Sewell wrote Black Beauty in a time when the usage of horses was a major issue undergoing a huge transformation. She was writing in the context of 19th century England. For centuries, humans of England had used horses in nearly every aspect of societal life. Humans would make use of horses in transportation, like the cab drivers and carriages of the book, and in warfare, like old Captain the warhorse as well as in agriculture, construction and the myriad of other activities necessary for a society to function. All that was changing though in the time Sewell wrote her book; the steam engine and other new technological advances were rapidly fulfilling the functions horses and other animals alone had previously fulfilled. With the invention of the steam engine, railway transportation quickly overtook horse carriage in long-distance journeys. It would be a while more before engines replaced carriages in short-term travel as well, but the trend towards technologically treated inevitably on. So through her book the reader gets a glimpse of a disappearing world, a world where one can see coal horses dragging carts, and horse carriages instead of cars and war horses charging into battle with their riders.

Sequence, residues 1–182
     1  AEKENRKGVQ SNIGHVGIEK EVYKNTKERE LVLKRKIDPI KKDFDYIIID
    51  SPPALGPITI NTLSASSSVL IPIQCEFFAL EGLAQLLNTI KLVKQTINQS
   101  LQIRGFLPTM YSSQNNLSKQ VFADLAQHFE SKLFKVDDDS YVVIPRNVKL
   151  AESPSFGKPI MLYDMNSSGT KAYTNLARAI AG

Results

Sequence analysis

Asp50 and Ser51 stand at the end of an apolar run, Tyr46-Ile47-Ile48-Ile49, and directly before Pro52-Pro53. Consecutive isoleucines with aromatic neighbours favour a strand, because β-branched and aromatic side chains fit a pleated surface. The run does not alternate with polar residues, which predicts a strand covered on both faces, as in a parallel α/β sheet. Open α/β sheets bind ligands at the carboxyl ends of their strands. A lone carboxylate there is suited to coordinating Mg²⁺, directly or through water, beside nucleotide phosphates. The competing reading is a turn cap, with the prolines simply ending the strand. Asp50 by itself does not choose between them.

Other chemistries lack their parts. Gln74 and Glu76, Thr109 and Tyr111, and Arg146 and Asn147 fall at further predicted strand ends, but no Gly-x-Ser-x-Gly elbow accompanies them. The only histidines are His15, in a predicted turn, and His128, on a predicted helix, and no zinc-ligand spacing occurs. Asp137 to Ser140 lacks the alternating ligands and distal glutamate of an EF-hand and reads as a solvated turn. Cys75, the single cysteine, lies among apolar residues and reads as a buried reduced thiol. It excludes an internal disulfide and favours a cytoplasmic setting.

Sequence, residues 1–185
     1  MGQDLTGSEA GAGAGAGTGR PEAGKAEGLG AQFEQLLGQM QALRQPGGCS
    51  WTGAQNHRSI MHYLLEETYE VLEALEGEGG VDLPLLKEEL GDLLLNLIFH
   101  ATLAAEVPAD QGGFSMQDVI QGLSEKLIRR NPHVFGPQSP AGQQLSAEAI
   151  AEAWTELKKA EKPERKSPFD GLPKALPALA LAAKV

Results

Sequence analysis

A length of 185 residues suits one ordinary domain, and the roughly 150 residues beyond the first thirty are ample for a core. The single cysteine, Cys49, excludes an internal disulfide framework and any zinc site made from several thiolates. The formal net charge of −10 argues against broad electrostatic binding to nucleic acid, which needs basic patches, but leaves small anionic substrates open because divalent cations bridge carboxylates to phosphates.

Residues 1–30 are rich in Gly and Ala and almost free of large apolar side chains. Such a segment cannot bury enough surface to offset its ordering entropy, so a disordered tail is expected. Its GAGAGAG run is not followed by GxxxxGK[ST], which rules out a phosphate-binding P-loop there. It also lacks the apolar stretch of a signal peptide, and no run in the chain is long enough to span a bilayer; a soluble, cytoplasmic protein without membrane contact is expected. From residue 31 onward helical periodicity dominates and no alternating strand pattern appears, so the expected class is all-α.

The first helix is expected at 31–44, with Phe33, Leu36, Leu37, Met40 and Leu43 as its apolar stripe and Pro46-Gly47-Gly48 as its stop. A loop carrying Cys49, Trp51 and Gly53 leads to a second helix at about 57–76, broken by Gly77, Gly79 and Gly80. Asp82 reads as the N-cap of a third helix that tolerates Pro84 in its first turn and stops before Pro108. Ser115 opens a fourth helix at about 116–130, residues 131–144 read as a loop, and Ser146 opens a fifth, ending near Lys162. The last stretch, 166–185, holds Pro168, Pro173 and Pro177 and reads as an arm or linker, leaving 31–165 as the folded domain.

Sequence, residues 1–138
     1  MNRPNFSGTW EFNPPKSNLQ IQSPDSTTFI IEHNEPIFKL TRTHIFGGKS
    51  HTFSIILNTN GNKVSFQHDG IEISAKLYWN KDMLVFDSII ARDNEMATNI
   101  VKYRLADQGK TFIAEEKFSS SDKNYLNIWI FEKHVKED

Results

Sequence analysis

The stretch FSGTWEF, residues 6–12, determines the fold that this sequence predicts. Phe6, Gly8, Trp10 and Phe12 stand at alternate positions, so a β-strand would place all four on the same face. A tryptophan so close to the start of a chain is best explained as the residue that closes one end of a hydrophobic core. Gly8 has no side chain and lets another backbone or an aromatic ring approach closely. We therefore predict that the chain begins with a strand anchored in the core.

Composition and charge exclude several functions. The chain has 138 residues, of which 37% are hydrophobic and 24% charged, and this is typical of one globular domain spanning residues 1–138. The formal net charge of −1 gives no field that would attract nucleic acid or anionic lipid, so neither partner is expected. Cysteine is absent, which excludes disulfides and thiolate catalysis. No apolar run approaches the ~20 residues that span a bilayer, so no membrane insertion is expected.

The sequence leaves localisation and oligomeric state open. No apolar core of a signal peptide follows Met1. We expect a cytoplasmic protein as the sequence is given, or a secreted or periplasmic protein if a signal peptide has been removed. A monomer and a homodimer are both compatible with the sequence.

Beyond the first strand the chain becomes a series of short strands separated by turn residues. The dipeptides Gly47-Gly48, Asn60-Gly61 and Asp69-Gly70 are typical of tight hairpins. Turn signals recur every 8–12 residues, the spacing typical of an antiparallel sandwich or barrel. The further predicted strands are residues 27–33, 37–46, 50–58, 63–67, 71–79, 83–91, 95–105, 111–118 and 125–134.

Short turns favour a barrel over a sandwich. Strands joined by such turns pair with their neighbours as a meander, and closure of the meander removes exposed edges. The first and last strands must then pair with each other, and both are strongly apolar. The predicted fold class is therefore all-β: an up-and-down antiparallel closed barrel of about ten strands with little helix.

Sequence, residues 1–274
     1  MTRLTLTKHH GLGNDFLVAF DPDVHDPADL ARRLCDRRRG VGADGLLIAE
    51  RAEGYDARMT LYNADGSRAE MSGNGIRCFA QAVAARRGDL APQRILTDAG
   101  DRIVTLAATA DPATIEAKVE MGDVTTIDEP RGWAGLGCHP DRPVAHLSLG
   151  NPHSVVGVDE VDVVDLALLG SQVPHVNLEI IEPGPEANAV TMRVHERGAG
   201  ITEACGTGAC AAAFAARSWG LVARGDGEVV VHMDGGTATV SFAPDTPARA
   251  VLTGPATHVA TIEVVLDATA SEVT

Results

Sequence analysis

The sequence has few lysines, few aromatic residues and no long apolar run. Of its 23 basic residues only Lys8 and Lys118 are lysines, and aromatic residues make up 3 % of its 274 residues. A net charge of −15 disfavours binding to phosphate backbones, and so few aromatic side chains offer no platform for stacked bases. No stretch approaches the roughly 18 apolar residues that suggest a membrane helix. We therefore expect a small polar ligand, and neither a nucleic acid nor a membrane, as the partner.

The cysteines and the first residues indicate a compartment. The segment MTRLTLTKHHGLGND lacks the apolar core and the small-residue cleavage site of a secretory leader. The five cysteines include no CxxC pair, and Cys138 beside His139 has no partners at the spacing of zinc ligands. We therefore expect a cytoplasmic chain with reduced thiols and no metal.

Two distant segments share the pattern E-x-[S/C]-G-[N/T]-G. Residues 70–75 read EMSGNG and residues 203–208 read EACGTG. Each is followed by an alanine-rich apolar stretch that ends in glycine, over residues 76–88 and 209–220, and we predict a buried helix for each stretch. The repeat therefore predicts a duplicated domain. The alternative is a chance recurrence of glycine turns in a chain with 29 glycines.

Much of this change had such a large attraction to people because of the massive logistical issues surrounding the upkeep of horses. In 19th century England, London lay at the center of this problem. Estimates suggest that in that capital city were about 300,000 horses serving all kinds of functions. This huge number of horses all had to be fed, sheltered, cleaned and looked after. The usage of horses in London thus perpetuated a logistical nightmare for the city. The horses’ waste alone required a network of street cleaners and haulers and even with this network, waste still remained in the city and caused deadly health problems on a significant scale. The city as a whole was not the only entity that bore the cost of these horses; each individual horse owner had to expend significant amounts of money to maintain the horse. They of course had to be cared for, and their equipment had to be bought, cleaned and maintained. Their owners also had to hire grooms and coachmen. All together the cost of maintaining a horse in 19th century London was more than the cost of maintaining a car today.
Beyond these logistical concerns there were also legal ramifications of this extensive usage of horses. Cruelty towards horses was a huge worry; horses had a significant role in labor as work animals, and this position sometimes incentivized their exploitation and abuse. The first English law on the matter was the Treat of Horses Bill of 1821. This required prosecution for those who beat their horses. Although a step forward in terms of animal rights, the law did not cover the other forms of exploitation and was, in any case, difficult to enforce. In order to increase the effectiveness of this law, a group formed the Society for the Prevention of Cruelty to Animals. This group acted as an almost grassroots watchdog collective, inspecting coachmen and cab drivers and making sure no one was getting away with beating their horses. Twenty years later the group became a Royal Society by order of Queen Victoria. Perhaps the tall gentleman mentioned in chapter 38 is a member of this very same group.